First, in urging that customers of a broker-dealer in liquidation have no implied right of action for damages under Section 17 of the Exchange Act against accountants who prepare false or misleading reports required by that statute, the dissent understandably is disturbed by the Unanimous opinion in Cort v. Ash, 422 U.S. 66, 78, 45 L. Ed. 2d 26, 95 S. Ct. 2080 (1975), as recently reaffirmed in Piper v. Chris-Craft Industries, Inc., 430 U.S. 1, 37-45, 51 L. Ed. 2d 124, 97 S. Ct. 926 (1977). Granted that the dissent's massive effort to distinguish or to apply a gloss to Ash is an artful attempt to circumvent this key decision, I fear that our dissenting colleague has misapprehended the essential purpose of Ash in stating certain factors to be taken into consideration in determining whether to imply a right of action under a given statute. The dissent at the outset, Post, at 628, emphasizes that Ash is not relevant to a case which arises under a statute which expressly provides for a private right of action. This overlooks the fact that the Supreme Court specifically applied the Ash analysis in Piper, supra, 430 U.S. at 37-41, in determining whether a private remedy was implicit in Section 14(e) of the same statute with which we are here concerned, i. e. the Exchange Act. Assuming that what the dissent intends to emphasize, Post, at 628, is that Ash does not apply when an Express remedy is provided for the Specific wrong complained of, it must be remembered that the Court reaffirmed the implication of a private right of action under Section 10(b) of the Exchange Act and Rule 10b-5 promulgated thereunder in Blue Chip Stamps v. Manor Drug Stores, 421 U.S. 723, 730, 44 L. Ed. 2d 539, 95 S. Ct. 1917 (1975), despite the absence of legislative history on the subject, Id. at 737, much less "clear contrary evidence" of legislative intent. Post, at 630.
Second, the dissent's displeasure with J. I. Case Co. v. Borak, 377 U.S. 426, 12 L. Ed. 2d 423, 84 S. Ct. 1555 (1964), likewise is understandable. This seminal opinion written by the late Mr. Justice Tom Clark for a Unanimous Supreme Court, in holding that Section 27 of the Exchange Act provided the jurisdictional underpinning for an implied private right of action for damages (as well as for declaratory and equitable relief) arising from violations of Section 14(a) of the Exchange Act, Id. at 430-35, expressly recognized that "Private enforcement of (Commission rules) provides a necessary supplement to Commission action", Id. at 432, and that "It is the duty of the courts to be alert to provide such remedies as are necessary to make effective the congressional purpose." Id. at 433. Despite our Brother Mulligan's herculean effort in dissent to buttress his assertion that Borak "has been significantly restricted by more recent decisions of the Supreme Court", Post, at 628, those decisions strike me as expressly and emphatically reaffirming the Borak rule*fn1 as Mr. Justice Stevens stated in Piper, supra, 430 U.S. at 67, "Borak remains a viable precedent."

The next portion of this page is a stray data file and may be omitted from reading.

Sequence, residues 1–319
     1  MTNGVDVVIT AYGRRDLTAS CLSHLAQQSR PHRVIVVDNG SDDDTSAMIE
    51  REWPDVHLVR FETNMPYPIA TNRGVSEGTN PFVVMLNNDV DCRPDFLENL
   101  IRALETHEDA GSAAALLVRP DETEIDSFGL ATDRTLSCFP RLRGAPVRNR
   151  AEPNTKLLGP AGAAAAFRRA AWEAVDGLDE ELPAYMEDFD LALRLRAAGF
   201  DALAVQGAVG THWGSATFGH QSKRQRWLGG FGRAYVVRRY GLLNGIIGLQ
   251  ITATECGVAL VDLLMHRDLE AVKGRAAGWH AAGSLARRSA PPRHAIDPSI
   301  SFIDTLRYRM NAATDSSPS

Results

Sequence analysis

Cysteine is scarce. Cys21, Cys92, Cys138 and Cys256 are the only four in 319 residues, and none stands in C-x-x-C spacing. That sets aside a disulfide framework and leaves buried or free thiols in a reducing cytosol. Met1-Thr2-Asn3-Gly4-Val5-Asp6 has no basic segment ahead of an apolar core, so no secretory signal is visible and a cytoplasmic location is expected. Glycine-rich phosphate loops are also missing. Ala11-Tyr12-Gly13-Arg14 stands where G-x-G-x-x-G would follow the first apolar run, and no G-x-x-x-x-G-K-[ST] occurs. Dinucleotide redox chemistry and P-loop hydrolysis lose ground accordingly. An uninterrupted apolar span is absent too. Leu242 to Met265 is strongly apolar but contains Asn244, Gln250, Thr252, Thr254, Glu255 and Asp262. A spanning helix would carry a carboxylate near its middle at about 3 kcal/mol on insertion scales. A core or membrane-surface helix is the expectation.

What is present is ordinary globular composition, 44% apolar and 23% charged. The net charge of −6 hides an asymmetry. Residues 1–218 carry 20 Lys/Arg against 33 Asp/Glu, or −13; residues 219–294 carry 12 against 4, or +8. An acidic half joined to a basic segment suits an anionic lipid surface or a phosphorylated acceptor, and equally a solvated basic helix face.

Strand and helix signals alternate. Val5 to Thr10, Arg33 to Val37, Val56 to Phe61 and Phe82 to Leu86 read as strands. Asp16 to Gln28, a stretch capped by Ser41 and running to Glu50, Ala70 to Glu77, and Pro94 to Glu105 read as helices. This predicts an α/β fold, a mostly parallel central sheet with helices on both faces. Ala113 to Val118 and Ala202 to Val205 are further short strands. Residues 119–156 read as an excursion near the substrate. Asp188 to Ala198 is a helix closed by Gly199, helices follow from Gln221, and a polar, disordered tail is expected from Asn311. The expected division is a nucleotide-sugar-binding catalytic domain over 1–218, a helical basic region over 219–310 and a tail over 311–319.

Third, the dissent speaks disparagingly of the SEC amicus brief. Post, at 619 n. 1. As Judge Lumbard correctly points out, Ante, at 627 n. 3, we were aided materially by the SEC brief, whereas the district court did not have the advantage of knowing of the SEC's position. Here again, our Brother Mulligan's attempt to disparage the SEC brief is understandable, for it urges forcefully and cogently that SIPC should be permitted to assert a private right of action under Section 17 of the Exchange Act under the circumstances of this case. But far more basic than whether the SEC as amicus supports or opposes one side or the other in litigation under the federal securities laws, Is that the position of the SEC should be known to the court. That is the point of Judge Lumbard's observation referred to above. And it is especially important in a case of first impression such as the instant one involving a statute under which Congress has imposed on the Commission specific responsibilities.*fn2 Wholly aside from the instant case where I find the SEC amicus brief to measure up to the Commission's high standard of competence and fairness I do hope that our Brother Mulligan's disparagement of the SEC amicus brief will not be construed as a judicial signal, even in dissent, that the Commission should retreat to its position of a generation ago which drew sharp criticism from our Court. Compare Blau v. Mission Corp., 212 F.2d 77, 81 (2 Cir.), Cert. denied, 347 U.S. 1016, 98 L. Ed. 1138, 74 S. Ct. 872 (1954), and Roberts v. Eaton, 212 F.2d 82, 84 (2 Cir.), Cert. denied, 348 U.S. 827, 99 L. Ed. 652, 75 S. Ct. 44 (1954), with Studebaker v. Gittlin, 360 F.2d 692, 695 (2 Cir. 1966), and Greene v. Dietz, 247 F.2d 689, 695-98 (2 Cir. 1957) (concurring and dissenting opinions; per curiam opinion on rehearing). See Some Practical Aspects: The SEC and The Federal Judiciary, 41 A.B.A.J. 1136, 1137-38 (1955).*fn3